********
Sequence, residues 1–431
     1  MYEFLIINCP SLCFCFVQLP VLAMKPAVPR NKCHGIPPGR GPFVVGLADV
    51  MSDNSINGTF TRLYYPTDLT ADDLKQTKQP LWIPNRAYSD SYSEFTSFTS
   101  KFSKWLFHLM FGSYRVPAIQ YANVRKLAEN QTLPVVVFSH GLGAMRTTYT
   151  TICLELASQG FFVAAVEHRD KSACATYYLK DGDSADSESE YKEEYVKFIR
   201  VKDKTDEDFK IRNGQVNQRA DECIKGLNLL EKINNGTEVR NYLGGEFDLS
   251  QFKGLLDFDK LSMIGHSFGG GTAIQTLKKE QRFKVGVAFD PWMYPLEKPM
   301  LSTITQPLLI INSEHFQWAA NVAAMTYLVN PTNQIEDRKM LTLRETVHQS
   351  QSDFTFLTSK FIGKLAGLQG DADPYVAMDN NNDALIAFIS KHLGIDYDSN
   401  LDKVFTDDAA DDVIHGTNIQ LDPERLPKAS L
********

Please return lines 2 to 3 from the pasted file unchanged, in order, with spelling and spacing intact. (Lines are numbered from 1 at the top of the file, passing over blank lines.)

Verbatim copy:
     1  MYEFLIINCP SLCFCFVQLP VLAMKPAVPR NKCHGIPPGR GPFVVGLADV
    51  MSDNSINGTF TRLYYPTDLT ADDLKQTKQP LWIPNRAYSD SYSEFTSFTS